But now his crazy anger's gone
        to whole days watching teevee, watching
        golf, football, weather—gone to whole days
        watching the fucking all-news channel.
        And I, goddamn him, I want it back.

Glück, once more, provides incisive commentary: "When we speak of honesty, in relation to poems, we mean the degree to which and the power with which the generating impulse has been transcribed. Transcribed, not transformed. Any attempt to evaluate the honesty of a text must always lead away from that text, and toward intention" ("Against Sincerity"). Hudgins in "Afterword," provides insight into his intent; "As a child, I swore I'd tell my story / while I was still angry," he begins:

        Now, having told, my story, said my piece,
        I'm not as angry as I was,
        but tired. And guilty. All telling's betrayal,
        I've learned again: selection, rounding off,
        interpretation …

From the poet of Saints and Strangers, we might have expected much more acute "selection" and "rounding off," interpretation of a life rather than airing of dirty laundry.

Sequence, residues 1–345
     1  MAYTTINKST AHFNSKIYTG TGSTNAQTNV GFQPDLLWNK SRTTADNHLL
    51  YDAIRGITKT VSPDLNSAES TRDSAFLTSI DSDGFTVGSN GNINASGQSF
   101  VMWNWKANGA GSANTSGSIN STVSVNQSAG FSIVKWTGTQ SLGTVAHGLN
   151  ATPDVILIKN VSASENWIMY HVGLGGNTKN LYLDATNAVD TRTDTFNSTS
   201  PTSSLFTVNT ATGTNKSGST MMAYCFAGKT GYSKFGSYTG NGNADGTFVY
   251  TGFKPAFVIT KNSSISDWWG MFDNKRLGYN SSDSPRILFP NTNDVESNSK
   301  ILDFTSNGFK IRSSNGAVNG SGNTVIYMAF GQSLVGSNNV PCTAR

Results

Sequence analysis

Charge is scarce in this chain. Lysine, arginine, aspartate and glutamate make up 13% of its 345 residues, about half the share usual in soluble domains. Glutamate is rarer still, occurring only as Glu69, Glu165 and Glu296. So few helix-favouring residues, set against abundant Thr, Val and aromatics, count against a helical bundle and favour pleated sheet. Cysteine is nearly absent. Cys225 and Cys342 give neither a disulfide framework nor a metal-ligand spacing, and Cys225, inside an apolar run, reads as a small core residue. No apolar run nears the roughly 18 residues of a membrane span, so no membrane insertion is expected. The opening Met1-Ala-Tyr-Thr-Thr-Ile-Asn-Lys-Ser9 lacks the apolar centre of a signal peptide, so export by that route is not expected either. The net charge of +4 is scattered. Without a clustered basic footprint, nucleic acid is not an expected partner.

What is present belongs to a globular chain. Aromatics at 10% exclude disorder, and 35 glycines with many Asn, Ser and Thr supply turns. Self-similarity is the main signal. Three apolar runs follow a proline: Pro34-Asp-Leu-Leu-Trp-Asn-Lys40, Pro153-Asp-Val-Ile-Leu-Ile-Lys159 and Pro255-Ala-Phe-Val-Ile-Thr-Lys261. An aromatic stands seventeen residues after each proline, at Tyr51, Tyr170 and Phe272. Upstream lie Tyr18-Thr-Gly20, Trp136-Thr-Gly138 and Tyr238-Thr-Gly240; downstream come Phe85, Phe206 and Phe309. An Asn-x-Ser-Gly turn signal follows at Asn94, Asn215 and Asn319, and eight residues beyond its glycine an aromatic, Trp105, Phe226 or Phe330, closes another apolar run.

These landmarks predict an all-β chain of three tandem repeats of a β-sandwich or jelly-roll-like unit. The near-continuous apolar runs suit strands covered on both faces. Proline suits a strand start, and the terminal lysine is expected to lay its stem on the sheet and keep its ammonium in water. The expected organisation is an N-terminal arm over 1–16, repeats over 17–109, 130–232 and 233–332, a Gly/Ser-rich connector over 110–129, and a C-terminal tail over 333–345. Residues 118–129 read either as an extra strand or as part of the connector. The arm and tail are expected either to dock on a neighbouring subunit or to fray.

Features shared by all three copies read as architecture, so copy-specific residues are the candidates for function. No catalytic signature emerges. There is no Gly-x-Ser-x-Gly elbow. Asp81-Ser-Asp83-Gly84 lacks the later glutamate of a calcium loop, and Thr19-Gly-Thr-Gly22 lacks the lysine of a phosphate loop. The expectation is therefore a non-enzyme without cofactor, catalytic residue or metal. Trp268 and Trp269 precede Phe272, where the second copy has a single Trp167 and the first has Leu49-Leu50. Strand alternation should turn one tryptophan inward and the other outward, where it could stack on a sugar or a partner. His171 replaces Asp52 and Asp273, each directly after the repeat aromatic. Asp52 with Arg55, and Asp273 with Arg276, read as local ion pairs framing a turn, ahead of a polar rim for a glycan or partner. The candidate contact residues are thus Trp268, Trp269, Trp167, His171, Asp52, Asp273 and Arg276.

Selection and interpretation make James McMichael's Each in a Place Apart, his fourth collection, a wonderfully concise and moving narrative. This book-length poem, gathered in untitled sections, chronicles the author's second marriage, from its beginnings as an adulterous affair between a married man and a significantly younger woman, a member of the church youth group he sponsored, through the dissolution of his first marriage, their marriage, and the slow dissolving of their relationship. The details are carefully sifted, presented in muted, balanced tones, with full awareness of tone and irony. McMichael restrains whatever anger he might feel—toward her, toward himself, toward fate or circumstance—and gives us the simple facts of their life. One section begins: